A normal vampire, though, was fitted with a different set of natural impulses. Was normally lifted entirely out of their human context and could not safely continue human relationships (and would be most likely to form new relationships with vampires who already ate people). Did not face significant danger in the process of hunting, as long as they were careful. Had been put in the sort of context that might make a normal human turn dangerous, complete with a label that generally meant "killer" and the ability to live up to it with impunity.

I was the luckiest vampire in the world. I'd walked in with my eyes open, kept hold of my original ties, and landed in the laps of a family that didn't eat people. Carlisle was the impressive one who'd managed it with no help, no precedent, no support, no ability to write home to his human relatives.

But at any rate, the personality types of killer vampires weren't the same as killer humans. Maggie was a perfectly likable person. And when someone saw through her fake Latin, she killed them, that was all.

I was very tempted to make the entire conversation about converting Maggie, to retrieve it from the tangent it began to drift off on about some real Latin that Edward helpfully produced from his medical school days. Maybe the next human Maggie met wouldn't die of excess education. I decided against it. It could just as easily make things worse, and she was already curious, which was something.


Eventually Emmett invited me to join the brawl without prompting, and I agreed. He knocked me around, but more gently than he had Siobhan. I tried not to rely too much on my excessive strength, which would be gone soon enough. Instead I learned which instincts were useful and which to suppress, a few things about distinguishing feints and genuine attacks and how to dodge, and fascinating tricks with leverage. Siobhan also took a turn, and her style was noticeably different from Emmett's - he was playing, and she was doing something more like parkour.

It was fun, and although periodically it hurt rather a lot, I had the sensation that I was learning very efficiently. Learning to fight by sparring wasn't linear, like reading a book and (however quickly) absorbing each word in sequence. The rapid immersion in combat let me engage almost all of my mind on the same task. Every sense had something to tell me about my partner and my environment; all of my muscles could be doing something useful; I needed to model my opponent's strategy and think of a move that he or she hadn't thought I'd make, often stacking up levels of obviousness quite deep and still sometimes being found predictable. It was wholly engaging.

All of this bothered Edward immensely, and after Siobhan clocked me across the ear hard enough that it stopped processing sound for a few seconds, he quietly asked me to stop. I went back to his side and he gathered me into a hug. Rosalie snorted.

"Aw, but she's good at this," protested Emmett.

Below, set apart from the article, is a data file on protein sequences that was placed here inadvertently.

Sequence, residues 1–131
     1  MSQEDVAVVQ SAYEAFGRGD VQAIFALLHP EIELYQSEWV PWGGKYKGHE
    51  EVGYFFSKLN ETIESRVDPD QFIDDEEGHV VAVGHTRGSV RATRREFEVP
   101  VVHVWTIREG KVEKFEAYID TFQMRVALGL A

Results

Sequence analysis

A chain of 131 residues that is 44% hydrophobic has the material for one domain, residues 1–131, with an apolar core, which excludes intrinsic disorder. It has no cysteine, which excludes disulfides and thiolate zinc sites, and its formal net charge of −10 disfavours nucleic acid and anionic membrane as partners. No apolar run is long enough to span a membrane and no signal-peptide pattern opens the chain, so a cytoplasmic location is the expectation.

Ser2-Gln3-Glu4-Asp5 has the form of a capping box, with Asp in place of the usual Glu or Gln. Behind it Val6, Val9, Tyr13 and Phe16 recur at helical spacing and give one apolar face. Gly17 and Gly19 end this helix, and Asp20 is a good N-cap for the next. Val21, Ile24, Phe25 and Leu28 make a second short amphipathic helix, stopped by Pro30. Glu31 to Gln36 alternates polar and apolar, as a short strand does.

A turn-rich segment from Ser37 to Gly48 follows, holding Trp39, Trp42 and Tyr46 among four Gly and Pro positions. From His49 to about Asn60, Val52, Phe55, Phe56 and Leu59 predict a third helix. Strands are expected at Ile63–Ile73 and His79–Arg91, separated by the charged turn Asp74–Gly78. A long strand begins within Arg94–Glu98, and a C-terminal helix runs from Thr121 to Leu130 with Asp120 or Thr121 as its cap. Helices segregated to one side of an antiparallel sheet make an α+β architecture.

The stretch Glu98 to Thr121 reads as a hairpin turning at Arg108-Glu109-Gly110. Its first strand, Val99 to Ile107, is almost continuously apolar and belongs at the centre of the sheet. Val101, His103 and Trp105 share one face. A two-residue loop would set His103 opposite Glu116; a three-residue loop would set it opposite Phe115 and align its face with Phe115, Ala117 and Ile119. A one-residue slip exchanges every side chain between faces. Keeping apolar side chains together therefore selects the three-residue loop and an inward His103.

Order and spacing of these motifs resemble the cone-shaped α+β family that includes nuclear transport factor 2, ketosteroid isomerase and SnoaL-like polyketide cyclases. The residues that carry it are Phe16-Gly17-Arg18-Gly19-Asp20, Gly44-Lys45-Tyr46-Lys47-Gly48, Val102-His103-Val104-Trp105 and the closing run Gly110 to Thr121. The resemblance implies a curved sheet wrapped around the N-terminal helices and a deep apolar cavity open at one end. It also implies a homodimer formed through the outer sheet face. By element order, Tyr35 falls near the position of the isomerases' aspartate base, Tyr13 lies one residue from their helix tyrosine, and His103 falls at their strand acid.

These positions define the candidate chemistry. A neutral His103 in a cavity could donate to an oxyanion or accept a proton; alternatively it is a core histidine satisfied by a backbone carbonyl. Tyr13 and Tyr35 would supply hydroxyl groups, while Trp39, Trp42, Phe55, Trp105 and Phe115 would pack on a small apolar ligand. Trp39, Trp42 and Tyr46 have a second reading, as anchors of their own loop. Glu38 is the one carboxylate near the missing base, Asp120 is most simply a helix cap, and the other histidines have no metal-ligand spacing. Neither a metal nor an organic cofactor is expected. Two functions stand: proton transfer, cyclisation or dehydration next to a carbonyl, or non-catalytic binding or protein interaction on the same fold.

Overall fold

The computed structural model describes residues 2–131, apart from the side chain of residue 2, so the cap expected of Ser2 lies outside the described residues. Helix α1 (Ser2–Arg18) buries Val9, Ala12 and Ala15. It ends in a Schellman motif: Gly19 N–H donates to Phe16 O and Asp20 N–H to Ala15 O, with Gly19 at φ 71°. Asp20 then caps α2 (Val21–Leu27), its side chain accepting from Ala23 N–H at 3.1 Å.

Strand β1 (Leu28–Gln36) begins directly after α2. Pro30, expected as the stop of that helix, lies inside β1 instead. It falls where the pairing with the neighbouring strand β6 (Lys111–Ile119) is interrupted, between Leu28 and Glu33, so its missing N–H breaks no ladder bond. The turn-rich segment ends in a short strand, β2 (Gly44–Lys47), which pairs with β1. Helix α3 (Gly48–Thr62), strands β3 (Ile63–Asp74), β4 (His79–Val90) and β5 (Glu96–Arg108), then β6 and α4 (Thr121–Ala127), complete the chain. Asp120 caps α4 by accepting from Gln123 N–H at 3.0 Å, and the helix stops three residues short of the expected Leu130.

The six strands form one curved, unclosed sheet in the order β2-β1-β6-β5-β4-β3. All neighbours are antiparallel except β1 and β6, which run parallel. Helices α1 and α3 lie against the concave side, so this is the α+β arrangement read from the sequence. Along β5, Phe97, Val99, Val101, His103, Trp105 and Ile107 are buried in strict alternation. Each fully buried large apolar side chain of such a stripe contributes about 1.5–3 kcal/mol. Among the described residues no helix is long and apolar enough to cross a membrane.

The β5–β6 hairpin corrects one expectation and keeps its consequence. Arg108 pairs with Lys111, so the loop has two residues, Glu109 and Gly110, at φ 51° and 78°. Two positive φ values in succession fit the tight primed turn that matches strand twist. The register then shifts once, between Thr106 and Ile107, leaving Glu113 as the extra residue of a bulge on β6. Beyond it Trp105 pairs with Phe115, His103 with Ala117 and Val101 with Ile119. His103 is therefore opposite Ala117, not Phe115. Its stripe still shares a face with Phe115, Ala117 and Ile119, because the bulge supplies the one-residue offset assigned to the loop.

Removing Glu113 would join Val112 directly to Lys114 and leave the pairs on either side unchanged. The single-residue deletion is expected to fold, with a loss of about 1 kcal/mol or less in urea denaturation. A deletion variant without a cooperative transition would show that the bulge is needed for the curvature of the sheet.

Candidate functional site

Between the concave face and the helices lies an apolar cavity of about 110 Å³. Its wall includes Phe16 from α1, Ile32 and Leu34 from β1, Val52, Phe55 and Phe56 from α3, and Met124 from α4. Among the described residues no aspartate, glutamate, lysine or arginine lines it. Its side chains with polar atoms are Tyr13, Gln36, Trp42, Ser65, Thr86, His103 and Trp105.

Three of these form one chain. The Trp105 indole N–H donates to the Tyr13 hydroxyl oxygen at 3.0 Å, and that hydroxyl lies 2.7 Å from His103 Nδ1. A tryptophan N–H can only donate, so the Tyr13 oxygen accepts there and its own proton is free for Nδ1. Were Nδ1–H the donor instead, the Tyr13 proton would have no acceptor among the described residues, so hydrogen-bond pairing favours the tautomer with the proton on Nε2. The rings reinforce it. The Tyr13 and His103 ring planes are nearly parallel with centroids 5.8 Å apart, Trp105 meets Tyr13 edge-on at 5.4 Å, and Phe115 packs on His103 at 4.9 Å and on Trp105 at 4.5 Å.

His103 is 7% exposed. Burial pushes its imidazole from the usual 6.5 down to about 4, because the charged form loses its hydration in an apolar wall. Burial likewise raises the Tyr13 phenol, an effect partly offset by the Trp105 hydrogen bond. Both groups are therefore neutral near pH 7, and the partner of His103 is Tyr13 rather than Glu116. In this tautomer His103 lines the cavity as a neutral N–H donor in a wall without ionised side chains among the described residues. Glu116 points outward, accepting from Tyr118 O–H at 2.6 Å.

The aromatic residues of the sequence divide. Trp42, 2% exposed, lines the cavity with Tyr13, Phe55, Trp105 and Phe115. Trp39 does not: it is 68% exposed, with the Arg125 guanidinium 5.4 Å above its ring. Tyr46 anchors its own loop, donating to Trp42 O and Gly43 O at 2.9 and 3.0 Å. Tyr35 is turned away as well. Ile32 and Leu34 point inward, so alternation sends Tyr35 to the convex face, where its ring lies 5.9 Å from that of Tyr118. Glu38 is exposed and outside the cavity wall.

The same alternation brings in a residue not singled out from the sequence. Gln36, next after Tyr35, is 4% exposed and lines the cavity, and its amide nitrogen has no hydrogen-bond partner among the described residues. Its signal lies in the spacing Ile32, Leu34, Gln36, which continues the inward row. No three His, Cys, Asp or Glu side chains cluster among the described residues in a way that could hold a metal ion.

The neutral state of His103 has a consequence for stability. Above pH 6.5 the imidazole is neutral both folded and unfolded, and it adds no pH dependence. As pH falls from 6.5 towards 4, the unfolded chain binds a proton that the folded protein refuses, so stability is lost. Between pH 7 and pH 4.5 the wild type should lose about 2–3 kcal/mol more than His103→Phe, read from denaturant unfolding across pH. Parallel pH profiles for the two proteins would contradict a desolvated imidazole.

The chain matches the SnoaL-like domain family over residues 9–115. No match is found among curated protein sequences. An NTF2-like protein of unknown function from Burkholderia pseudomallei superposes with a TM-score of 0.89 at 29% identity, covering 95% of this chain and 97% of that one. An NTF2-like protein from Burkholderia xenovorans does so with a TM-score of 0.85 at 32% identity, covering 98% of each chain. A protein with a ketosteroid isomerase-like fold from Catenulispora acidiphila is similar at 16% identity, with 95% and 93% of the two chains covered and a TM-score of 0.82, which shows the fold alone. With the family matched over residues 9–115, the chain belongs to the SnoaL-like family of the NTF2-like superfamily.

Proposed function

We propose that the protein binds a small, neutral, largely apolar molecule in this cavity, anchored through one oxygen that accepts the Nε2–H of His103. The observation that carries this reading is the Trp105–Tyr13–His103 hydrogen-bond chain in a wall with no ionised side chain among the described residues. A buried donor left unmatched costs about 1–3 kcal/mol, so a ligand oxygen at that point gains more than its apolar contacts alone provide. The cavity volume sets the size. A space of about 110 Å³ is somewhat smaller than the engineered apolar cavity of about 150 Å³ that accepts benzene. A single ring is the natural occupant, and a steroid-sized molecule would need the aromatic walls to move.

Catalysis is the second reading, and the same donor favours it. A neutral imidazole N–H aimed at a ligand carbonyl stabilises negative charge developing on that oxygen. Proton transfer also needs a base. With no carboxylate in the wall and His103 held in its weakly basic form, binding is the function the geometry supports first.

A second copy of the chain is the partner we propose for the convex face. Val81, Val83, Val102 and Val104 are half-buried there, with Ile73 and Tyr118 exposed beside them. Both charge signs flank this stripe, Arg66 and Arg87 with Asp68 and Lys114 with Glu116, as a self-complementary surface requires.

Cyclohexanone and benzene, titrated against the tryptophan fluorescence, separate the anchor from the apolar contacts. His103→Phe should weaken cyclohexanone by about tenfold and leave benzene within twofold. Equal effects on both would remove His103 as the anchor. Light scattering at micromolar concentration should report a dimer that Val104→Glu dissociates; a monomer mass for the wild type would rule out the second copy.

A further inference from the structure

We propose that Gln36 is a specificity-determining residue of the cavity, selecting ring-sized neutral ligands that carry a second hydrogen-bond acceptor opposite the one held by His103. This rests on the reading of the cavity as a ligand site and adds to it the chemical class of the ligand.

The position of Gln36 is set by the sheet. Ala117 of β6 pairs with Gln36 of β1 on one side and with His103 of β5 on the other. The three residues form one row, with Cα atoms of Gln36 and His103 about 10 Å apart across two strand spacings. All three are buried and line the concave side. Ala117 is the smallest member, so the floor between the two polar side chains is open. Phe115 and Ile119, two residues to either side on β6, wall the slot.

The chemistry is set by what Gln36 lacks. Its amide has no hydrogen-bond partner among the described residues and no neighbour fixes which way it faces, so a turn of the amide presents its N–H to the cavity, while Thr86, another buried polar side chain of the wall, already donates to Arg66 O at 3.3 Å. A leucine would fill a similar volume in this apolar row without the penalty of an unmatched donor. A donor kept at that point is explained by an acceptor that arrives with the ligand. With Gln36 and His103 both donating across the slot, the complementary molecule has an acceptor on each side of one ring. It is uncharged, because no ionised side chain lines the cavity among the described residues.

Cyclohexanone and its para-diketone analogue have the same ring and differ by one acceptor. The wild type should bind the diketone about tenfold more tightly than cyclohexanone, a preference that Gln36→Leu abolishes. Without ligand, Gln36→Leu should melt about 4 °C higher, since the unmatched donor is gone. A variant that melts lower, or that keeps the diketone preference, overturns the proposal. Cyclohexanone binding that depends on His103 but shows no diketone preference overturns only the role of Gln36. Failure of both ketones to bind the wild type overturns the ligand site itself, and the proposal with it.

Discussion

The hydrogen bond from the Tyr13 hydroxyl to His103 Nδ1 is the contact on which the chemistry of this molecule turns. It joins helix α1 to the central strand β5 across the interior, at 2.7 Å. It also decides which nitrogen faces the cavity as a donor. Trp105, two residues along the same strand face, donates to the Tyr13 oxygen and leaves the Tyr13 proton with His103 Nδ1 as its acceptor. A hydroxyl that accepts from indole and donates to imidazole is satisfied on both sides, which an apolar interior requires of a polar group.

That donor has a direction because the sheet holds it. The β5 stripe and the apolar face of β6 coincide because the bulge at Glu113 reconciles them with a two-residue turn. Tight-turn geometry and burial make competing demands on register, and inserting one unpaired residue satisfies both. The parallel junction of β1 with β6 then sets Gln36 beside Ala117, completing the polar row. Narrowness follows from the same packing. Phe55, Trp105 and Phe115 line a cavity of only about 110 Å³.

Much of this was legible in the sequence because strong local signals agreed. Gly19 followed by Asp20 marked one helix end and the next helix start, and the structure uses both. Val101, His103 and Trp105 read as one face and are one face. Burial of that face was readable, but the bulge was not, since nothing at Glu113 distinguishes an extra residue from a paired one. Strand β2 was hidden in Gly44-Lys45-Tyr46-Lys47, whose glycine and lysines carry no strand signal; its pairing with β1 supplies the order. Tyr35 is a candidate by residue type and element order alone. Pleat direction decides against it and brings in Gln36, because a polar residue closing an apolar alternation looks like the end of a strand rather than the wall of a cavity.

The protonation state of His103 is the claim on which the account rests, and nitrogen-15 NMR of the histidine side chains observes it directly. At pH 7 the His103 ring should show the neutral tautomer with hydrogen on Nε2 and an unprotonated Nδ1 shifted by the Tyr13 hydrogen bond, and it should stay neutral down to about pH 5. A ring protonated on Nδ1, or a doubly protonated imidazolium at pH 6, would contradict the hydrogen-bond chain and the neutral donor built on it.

"Later," said Edward tightly. "Not here."

"Siobhan's got a different style..." I said.

He gritted his teeth. "I know," he said. "So does Jasper. You can practice at home if you like." I wondered if Siobhan had thought something in particular, or if he just didn't trust her. Liam looked relieved that she appeared to be done, though, and she went back to stand by her coven with a shrug. Maggie looked briefly wistful.

I tilted my head at her, inviting her to explain this. "Oh," she said. "Just, I wish my mate would hurry up and find me."

"If you don't ever leave Ireland, are you very likely to run into him?" I inquired.

Maggie considered this. "Her," she corrected absently. No one, even my husband from 1901 with oh-so-traditional values, reacted to this. I decided to inquire about that later. "Well, I traveled more before I joined this coven," she said at last. "And I didn't find her then either."

I couldn't resist. "Maybe you ate her."

Siobhan rolled her eyes, but Maggie looked genuinely horrified. "What? That couldn't happen."

"Of course it could," I said. "I was human when I met Edward. Not only that," I added with relish, "I was his singer. It's lucky that he had so much practice not eating humans. Otherwise I would have been toast. Delicious, dead toast."

Maggie looked scared. I wasn't sure if that was good or not, so I backed off a little. "You most likely haven't met her yet, though." I hesitated for a beat, letting the redheaded vampire calm down, and added, "But that doesn't mean she's a vampire."

"Nnng," whined Maggie.

Rosalie chuckled darkly and threw in a barb of her own: "Emmett was human when I found him, too." She paused. "And absolutely covered in fresh blood."

"Esme was human when Carlisle met her," put in Edward; I wasn't facing him, instead studying Maggie's face, but I heard a smile in his voice.

Eventually Maggie announced, "Well, maybe I'll just eat men," which was not really the solution I'd had in mind, but at least she'd found the possibility compelling. Siobhan sighed but didn't have an interest in encouraging Maggie to be an equal-opportunity predator, and Liam had lapsed into silence again.

The conversation turned to other things, and after about two days, we were done visiting. Siobhan graciously allowed that we might spend a while touring Ireland before going home. So we ran from place to place on the island for a bit, looking at the major attractions. "This part I can tell my parents," I remarked. "Ireland is totally a normal part of a tour of Europe."

"If you want, we can look at more of Europe before we go to South America," offered Edward.

"Let's go to Wales and England and Scotland on our way home," I decided, "and then I want to hang out there for a while, just like a week, we've spent so little time actually with our family. Then South America."